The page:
How to build a positive partnership with your child(ren)'s teacher! Post #1 of the "How to Talk Teacher" series Building a positive relationship with your child's teacher is so important. Sometimes these teachers have the privilege of being with our kids more waking hours than we do! Teachers work hard! And did you know they are also human? Many of them have kids at home and are juggling all kinds of responsibilities including their own children's homework and school life when they leave the classroom. Learn from me as Teacher and Mom, what to do and what not to do!
If your child comes home with a crazy story, don't assume it's true! Remember kids are reporting after a full day with many events. It's totally plausible for them to get parts of the story wrong. Depending on their age it may be developmentally expected that they are still working on perspective taking, not exaggerating and yes, they may be lying (this can be a normal phase of experimentation). Young children don't always understand that lying has consequences including you perhaps accusing their teacher of something!
My first year of teaching, I received an angry voicemail from a parent. It said something like this:
"I'm really upset so and so came home and told me that he needed a plain white t-shirt for tomorrow's class. I'm a single mom and work full time and it's not appropriate to expect me to provide this with no notice!"
What actually happened: I reminded the class that we had an outdoor field trip the next day and they should dress warmly. I then asked for examples of appropriate clothing. One little girl suggested she wear her new plain white turtleneck under a sweater. Her peer heard that as needing to wear a plain white shirt. Boy was that mom embarrassed when I called her back to explain!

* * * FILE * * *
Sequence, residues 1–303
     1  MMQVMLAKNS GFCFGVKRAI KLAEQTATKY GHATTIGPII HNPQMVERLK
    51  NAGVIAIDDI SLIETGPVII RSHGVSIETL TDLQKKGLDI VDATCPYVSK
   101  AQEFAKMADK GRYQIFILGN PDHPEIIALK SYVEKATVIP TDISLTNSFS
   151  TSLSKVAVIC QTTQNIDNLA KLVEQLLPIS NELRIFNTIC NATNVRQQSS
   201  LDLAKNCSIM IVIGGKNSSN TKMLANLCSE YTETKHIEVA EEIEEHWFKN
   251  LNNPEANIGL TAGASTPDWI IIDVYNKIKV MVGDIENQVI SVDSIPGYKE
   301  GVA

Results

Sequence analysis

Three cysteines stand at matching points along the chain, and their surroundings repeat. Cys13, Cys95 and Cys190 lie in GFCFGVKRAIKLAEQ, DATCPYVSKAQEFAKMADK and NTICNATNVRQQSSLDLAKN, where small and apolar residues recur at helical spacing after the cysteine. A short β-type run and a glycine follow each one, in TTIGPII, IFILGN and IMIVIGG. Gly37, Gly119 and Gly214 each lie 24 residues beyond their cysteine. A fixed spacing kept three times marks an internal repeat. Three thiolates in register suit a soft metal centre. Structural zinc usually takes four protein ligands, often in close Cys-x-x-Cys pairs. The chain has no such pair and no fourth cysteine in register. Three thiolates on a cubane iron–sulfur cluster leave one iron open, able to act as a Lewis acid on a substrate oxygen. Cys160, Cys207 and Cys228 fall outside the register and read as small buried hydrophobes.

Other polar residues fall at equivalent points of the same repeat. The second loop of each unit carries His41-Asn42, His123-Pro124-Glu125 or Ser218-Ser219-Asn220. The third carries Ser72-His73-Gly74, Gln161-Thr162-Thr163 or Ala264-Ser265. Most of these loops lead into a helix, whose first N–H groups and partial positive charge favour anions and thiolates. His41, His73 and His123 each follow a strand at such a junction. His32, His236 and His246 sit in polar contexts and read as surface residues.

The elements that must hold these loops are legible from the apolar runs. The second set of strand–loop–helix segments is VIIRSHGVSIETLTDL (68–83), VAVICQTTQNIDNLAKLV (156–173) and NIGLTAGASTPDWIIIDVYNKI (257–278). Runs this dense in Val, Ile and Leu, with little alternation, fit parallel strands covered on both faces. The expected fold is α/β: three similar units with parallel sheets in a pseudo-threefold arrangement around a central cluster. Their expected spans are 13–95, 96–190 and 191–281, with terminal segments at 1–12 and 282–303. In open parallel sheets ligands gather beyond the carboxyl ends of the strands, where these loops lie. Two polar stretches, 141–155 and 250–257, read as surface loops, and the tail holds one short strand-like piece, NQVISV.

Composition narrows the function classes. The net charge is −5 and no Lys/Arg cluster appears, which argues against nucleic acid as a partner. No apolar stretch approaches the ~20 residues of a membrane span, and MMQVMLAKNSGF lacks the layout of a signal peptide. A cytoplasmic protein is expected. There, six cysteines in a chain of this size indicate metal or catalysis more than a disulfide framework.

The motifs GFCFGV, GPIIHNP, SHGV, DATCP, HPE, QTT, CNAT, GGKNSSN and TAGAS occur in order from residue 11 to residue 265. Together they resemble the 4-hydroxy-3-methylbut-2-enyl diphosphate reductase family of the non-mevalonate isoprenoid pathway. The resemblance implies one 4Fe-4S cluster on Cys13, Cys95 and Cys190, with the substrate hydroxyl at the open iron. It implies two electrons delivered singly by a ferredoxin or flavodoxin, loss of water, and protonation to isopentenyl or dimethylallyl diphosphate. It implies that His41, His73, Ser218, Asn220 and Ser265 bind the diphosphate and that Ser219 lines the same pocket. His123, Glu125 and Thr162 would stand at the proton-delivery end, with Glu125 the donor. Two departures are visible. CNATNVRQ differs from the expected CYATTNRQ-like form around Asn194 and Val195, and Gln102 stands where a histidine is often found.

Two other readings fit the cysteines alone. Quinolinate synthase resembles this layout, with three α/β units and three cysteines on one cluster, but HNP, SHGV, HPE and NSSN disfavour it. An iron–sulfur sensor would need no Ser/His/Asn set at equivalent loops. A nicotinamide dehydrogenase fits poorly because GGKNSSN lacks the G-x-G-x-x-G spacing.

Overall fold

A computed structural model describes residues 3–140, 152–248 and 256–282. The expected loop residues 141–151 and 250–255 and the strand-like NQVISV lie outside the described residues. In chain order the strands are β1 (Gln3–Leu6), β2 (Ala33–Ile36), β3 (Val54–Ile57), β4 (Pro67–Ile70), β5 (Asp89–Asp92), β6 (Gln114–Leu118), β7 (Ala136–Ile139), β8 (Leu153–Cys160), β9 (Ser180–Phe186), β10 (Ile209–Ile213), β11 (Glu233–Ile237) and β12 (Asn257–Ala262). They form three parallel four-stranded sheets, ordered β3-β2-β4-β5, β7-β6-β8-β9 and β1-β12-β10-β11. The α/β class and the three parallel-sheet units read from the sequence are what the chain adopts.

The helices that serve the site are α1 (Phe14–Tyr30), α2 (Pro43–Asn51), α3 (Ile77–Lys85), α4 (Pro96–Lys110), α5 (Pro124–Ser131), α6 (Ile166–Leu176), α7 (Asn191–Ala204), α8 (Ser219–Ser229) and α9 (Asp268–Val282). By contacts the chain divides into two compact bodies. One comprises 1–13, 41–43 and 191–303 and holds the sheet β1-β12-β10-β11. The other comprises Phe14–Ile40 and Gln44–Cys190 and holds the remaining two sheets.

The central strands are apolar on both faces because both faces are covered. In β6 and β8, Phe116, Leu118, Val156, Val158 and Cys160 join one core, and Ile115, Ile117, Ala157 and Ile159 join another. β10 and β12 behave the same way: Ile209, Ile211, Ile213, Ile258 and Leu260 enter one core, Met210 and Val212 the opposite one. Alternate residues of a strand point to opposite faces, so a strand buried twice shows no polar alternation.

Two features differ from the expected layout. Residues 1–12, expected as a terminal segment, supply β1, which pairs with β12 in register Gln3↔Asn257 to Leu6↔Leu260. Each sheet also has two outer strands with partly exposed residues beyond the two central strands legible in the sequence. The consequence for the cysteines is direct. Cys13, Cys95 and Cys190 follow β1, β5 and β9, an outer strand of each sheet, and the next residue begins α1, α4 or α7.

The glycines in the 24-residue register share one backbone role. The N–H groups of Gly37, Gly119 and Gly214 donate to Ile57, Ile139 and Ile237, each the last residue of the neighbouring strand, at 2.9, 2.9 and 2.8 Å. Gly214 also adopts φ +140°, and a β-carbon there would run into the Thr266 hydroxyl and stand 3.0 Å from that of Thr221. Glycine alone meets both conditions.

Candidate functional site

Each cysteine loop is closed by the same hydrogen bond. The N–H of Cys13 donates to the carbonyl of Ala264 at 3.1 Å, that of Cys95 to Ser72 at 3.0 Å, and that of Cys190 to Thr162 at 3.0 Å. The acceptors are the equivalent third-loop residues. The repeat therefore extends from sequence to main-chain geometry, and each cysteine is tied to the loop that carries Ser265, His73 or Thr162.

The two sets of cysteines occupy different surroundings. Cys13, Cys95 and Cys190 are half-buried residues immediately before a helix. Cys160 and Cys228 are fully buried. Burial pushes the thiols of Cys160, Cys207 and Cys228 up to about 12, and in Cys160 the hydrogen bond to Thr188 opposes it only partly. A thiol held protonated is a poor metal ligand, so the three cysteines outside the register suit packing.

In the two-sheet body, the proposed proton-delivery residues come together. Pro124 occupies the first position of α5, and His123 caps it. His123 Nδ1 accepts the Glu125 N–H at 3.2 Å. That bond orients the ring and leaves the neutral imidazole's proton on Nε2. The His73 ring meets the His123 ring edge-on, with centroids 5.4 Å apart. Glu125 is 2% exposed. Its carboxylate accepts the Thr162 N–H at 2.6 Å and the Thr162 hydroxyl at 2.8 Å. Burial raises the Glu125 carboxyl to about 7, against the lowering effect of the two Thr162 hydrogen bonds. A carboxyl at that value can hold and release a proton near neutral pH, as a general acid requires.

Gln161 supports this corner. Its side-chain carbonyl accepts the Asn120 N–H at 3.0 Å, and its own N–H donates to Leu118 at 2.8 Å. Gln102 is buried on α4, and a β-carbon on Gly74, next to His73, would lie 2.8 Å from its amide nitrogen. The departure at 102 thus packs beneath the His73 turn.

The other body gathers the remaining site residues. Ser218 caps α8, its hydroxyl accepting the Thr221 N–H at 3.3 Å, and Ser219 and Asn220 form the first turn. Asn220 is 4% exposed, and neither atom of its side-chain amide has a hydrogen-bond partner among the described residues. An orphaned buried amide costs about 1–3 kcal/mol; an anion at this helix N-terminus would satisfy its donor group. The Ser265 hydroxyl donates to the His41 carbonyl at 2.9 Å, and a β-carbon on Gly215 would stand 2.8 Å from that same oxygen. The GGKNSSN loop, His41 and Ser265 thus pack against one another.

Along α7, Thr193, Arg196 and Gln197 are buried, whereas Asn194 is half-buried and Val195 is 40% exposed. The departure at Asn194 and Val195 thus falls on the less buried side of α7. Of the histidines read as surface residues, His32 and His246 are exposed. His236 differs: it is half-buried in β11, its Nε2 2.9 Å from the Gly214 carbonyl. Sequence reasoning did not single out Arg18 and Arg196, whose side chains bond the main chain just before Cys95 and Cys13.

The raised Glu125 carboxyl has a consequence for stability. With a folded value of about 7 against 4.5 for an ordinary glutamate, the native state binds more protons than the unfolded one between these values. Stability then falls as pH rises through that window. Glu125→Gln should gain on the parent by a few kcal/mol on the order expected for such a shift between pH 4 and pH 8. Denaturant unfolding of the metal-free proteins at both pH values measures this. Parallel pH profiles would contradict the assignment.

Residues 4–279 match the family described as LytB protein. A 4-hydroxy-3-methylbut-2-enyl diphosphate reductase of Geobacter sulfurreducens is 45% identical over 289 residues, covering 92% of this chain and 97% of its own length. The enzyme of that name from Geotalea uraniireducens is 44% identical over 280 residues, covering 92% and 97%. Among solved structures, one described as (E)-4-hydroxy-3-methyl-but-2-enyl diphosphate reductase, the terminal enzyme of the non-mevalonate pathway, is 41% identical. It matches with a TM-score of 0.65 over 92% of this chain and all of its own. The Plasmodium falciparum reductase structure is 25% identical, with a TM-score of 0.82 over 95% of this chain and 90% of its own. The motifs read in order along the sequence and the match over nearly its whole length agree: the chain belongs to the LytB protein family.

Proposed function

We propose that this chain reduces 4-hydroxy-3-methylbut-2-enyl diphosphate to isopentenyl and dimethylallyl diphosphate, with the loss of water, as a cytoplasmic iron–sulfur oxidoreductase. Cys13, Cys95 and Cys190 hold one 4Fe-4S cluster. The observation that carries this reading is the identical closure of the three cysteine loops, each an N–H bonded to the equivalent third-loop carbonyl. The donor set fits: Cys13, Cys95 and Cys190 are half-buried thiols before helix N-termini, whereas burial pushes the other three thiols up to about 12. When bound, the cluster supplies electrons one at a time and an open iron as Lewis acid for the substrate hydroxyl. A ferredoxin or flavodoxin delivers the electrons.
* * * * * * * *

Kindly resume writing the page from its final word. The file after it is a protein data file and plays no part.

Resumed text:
Ok, this is my mommy oops! My daughter got diagnosed with a serious food allergy in first grade. I was really scared after she had a really bad reaction to some cashews! A few weeks later the class was making gingerbread houses. The teachers asked for the families to bring in nut free candy. I volunteered to help. When I came in I was horrified to see that over half of the candy had labels that said "may contain nuts." This was a big NO from our doctor and the other volunteers were about to put it in front of my daughter to use.
Instead of having a calm discussion with her teacher, I wrote an email in an anxious state saying that if I hadn't been there Ruby would have been at risk of a deadly reaction.
Because I didn't discuss or ask questions and I made assumptions, I didn't know that the teacher had spent an evening of her free time researching safe candy at the grocery store and asked parents for those specific brands. The requests had not been accommodated, yes that was a safety concern, but I should have worked with her teacher, not accused her. Guess what: we never got that positive relationship back and for the end of the year picnic she asked that I send in Ruby's food because she didn't think she could meet my expectations.
Do you have a parent or teacher cautionary tale? Comment below. Don't forget to subscribe for the latest blog updates!